Place salmon skin side down in a wide, shallow pan and sprinkle with salt. Add lemon juice with water to bring the liquid depth to about 1/4 inch. Bring liquid to a boil over medium high heat, cover pan, reduce heat to low and cook to an internal temperature of 136 degrees F (about 6-7 minutes). Remove from heat and let stand for 10 minutes. Grate the wasabi, blend quickly with the basil, add a teaspoon of the paste to each serving of fish and serve immediately. Serves four.

Move Over, Garlic Mashed

If you enjoy garlic mashed potatoes, you may find this blissful blend of bland and fiery flavors even more enticing. If you prefer, serve the potatoes with the wasabi on the side so each diner can adjust the seasoning to taste (or just snarf it right down, howling with pain and pleasure combined).

Wasabi Mashed Potatoes

1 pound Yukon Gold potatoes, chopped
1 Walla Walla Sweet onion, finely chopped
1/2 teaspoon sea salt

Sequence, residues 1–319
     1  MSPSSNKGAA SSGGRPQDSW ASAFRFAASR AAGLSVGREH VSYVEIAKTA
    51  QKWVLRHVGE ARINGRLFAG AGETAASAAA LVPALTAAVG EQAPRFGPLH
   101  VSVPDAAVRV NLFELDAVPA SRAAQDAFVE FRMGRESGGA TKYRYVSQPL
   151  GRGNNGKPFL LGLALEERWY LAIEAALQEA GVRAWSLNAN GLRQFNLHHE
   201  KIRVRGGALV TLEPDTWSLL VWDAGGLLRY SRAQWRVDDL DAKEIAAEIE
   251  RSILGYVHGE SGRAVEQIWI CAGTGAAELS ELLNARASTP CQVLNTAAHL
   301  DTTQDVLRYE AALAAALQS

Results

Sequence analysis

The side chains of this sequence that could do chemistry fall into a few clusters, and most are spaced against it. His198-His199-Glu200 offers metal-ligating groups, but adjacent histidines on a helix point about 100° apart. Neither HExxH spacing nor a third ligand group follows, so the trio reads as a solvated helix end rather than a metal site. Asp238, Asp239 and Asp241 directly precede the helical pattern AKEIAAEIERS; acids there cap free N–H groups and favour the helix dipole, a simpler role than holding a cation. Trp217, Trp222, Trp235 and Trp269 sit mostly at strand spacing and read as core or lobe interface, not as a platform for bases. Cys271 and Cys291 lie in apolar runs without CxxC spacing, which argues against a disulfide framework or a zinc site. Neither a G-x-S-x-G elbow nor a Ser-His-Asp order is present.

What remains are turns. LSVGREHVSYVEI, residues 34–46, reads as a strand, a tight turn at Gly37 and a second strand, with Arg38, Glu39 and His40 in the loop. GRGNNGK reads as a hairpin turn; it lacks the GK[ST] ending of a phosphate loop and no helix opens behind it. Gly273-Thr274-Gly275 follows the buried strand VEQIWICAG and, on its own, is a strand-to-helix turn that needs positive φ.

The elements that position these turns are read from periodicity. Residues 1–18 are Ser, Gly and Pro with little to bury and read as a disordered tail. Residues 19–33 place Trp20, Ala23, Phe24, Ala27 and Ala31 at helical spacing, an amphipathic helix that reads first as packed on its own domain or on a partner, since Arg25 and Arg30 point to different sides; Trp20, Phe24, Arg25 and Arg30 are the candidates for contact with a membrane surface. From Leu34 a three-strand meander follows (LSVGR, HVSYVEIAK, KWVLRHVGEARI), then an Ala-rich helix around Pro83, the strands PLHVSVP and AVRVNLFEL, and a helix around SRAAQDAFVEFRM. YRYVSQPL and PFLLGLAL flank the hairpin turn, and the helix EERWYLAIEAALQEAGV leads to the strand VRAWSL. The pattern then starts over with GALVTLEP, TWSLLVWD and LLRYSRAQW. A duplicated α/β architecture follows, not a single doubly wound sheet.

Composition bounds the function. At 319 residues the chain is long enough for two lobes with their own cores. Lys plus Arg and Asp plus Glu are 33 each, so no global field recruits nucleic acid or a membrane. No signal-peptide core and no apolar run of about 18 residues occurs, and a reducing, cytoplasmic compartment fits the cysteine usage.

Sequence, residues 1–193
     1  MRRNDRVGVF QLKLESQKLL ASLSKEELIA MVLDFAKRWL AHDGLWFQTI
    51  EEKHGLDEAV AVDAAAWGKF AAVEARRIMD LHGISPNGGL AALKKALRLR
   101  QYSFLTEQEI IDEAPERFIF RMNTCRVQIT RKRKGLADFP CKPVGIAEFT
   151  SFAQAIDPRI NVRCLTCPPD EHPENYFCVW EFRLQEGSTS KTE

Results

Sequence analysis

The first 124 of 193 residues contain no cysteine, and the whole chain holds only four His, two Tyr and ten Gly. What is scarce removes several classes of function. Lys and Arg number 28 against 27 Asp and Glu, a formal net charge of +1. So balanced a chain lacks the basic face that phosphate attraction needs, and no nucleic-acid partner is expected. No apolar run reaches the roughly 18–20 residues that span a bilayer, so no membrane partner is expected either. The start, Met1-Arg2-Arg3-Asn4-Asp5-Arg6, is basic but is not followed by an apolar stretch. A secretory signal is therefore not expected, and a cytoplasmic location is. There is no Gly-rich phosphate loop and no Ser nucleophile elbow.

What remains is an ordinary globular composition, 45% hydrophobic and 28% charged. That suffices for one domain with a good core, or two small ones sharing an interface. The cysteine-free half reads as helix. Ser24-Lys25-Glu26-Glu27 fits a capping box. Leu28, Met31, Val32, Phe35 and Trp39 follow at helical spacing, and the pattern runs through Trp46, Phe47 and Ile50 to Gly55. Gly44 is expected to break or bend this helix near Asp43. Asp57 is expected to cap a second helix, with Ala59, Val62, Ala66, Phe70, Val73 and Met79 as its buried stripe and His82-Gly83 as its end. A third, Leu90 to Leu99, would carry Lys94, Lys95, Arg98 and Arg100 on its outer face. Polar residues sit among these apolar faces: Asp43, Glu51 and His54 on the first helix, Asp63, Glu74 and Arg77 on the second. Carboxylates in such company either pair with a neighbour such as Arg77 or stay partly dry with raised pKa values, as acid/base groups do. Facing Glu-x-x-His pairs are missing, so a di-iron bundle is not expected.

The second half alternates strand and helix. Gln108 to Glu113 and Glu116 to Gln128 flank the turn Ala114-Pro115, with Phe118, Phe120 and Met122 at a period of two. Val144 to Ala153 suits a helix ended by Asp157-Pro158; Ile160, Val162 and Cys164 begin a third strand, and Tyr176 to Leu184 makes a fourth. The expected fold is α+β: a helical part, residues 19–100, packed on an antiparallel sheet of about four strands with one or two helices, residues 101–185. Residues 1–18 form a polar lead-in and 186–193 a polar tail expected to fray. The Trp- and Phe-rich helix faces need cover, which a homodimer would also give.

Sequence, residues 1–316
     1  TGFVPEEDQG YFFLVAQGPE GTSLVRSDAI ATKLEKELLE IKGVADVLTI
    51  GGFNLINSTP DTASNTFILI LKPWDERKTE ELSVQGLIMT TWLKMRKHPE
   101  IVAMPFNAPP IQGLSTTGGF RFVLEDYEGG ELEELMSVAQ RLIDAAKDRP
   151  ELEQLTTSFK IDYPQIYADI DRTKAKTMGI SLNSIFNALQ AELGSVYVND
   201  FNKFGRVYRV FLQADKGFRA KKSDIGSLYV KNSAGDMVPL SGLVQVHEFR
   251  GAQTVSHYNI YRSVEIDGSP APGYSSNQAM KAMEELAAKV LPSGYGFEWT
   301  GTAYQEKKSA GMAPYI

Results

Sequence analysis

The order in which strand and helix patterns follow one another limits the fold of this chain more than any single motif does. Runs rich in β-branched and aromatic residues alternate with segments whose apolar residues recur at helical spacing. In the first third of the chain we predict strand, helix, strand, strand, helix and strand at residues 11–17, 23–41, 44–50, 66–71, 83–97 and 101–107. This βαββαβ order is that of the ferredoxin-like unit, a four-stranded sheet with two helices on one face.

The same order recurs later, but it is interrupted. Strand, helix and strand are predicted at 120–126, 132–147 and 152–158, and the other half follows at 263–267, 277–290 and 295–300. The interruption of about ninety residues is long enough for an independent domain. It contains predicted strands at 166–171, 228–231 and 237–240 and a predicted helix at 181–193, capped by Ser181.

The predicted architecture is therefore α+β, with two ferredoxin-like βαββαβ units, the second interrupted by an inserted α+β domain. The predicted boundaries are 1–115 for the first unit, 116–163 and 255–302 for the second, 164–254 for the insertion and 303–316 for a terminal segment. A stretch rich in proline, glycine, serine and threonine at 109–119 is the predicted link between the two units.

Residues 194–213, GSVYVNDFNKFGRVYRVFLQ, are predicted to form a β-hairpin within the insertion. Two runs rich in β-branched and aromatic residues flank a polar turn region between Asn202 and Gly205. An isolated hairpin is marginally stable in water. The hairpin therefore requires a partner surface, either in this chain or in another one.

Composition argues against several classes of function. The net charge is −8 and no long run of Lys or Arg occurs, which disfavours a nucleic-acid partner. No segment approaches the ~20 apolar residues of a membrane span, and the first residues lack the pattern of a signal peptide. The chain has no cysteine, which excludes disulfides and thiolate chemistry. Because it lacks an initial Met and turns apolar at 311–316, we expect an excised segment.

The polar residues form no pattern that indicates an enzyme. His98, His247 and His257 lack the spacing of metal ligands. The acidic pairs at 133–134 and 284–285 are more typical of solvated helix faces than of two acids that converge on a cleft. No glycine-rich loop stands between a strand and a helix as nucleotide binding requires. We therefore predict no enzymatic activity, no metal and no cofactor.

1 inch fresh wasabi root

Place potatoes, onion, and 1/4 teaspoon salt in a saucepan with water to barely cover, bring to a boil over medium high heat and cook until fork tender (15-20 minutes). Drain, reserving cooking liquid, and mash, adding cooking liquid to desired consistency and seasoning to taste with remaining salt. Grate wasabi root and stir into potatoes to taste. Serve immediately. Serves four.

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2 Responses to Grow Your Own Wasabi

  1. Patti baron says:

    Can one grow watercress without a stream?

    • Ann Lovejoy says:

      Yes, but like wasabi, watercress needs fresh water flushing to taste good. Lacking a stream, it’s often grown in shallow containers set into the soil and filled with fresh water frequently. (They need shade to keep from crisping, though.) It can also be grown indoors in pots set into deep saucers of fresh water. Hope that helps!